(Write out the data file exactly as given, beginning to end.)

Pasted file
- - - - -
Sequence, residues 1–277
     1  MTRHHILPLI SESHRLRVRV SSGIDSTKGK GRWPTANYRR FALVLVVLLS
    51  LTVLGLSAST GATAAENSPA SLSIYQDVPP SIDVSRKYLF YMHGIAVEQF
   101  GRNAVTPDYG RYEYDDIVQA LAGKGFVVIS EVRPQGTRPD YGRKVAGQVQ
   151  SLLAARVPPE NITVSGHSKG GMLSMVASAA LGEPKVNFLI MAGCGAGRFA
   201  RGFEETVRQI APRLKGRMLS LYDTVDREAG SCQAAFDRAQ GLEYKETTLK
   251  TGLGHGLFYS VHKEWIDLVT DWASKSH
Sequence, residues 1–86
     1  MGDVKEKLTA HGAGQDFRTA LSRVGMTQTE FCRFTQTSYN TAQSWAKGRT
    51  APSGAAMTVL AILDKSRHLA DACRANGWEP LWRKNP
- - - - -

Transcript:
Sequence, residues 1–277
     1  MTRHHILPLI SESHRLRVRV SSGIDSTKGK GRWPTANYRR FALVLVVLLS
    51  LTVLGLSAST GATAAENSPA SLSIYQDVPP SIDVSRKYLF YMHGIAVEQF
   101  GRNAVTPDYG RYEYDDIVQA LAGKGFVVIS EVRPQGTRPD YGRKVAGQVQ
   151  SLLAARVPPE NITVSGHSKG GMLSMVASAA LGEPKVNFLI MAGCGAGRFA
   201  RGFEETVRQI APRLKGRMLS LYDTVDREAG SCQAAFDRAQ GLEYKETTLK
   251  TGLGHGLFYS VHKEWIDLVT DWASKSH
Sequence, residues 1–86
     1  MGDVKEKLTA HGAGQDFRTA LSRVGMTQTE FCRFTQTSYN TAQSWAKGRT
    51  APSGAAMTVL AILDKSRHLA DACRANGWEP LWRKNP